That’s partly demographic, as younger adults are more diverse. But young whites are also trending toward Democrats:
But young adults are not more Democratic solely because they are more racially diverse. In recent years, young white adults, who previously aligned more with the Republican Party, have shifted Democratic. From 1995 to 2005, young whites consistently identified as or leaned Republican rather than Democratic, by an average of eight points. Since 2006, whites aged 18 to 29 have shown at least a slight Democratic preference in all but one year, with an average advantage of three points.
And that spells trouble for the GOP:
To a large extent, this reflects the increasing racial and ethnic diversity of the U.S. population, particularly among the youngest generations of Americans. And that growing diversity creates challenges for the Republican Party, given nonwhites’ consistent and strong support for the Democratic Party. To some degree, Republicans have been able to offset the growing diversity and win elections by increasing their support among Americans aged 30 and older, particularly white senior citizens. But the GOP may find itself in an increasingly weak position against the Democrats unless it can broaden its appeal to younger and nonwhite Americans.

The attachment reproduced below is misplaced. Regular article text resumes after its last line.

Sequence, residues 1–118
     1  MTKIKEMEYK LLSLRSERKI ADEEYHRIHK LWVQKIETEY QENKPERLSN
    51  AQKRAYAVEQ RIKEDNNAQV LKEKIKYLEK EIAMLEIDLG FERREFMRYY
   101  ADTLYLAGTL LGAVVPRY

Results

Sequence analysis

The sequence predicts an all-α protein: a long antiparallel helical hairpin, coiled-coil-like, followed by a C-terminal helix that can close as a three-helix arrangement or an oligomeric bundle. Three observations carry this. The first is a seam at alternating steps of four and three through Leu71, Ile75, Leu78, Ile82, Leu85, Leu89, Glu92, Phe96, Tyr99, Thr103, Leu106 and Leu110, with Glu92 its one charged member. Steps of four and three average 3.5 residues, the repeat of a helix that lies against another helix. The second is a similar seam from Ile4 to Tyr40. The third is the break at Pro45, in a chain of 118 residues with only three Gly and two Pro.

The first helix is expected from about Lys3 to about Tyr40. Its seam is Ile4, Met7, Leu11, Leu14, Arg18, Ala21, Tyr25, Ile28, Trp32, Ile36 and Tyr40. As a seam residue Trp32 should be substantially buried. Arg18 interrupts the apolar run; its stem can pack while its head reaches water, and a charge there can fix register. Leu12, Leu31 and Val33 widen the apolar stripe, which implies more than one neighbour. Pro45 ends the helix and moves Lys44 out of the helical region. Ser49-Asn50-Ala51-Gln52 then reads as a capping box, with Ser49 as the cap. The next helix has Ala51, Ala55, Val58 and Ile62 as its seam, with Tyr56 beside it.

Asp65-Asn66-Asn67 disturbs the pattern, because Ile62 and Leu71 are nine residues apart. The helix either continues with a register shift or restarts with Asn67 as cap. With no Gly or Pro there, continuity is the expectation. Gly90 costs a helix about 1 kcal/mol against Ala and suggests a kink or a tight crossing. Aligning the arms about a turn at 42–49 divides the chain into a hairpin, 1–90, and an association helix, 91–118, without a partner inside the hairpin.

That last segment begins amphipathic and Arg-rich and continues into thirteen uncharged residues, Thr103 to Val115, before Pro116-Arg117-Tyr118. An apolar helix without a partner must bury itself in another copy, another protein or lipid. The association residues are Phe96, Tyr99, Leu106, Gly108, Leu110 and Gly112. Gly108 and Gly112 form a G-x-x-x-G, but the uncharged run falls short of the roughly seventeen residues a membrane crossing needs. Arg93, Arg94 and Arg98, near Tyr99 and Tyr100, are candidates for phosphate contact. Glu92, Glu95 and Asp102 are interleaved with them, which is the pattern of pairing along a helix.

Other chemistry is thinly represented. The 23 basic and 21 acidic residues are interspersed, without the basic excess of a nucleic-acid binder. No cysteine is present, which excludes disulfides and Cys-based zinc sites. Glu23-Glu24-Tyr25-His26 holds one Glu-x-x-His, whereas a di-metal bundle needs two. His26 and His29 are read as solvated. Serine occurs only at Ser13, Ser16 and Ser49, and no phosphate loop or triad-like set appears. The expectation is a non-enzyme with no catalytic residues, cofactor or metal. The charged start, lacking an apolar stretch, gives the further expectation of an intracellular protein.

But before you celebrate, remember that getting young voters to the polls in midterms is still a challenge.
“It’s a matter of principle”
A majority of Americans still support capital punishment, but that majority is steadily shrinking, according to a new Pew Poll:
Public support for capital punishment has ebbed and flowed over time, as indicated by polls going all the way back to the 1930s. But it has been gradually ticking downward for the past two decades, since Pew Research began collecting survey data on this issue.1 Since 1996, the margin between those who favor the death penalty and those who oppose it has narrowed from a 60-point gap (78% favor vs. 18% oppose) to an 18-point difference in 2013 (55% favor vs. 37% oppose).
Surprisingly, even a majority of Catholics support the death penalty, although the Catechism does not: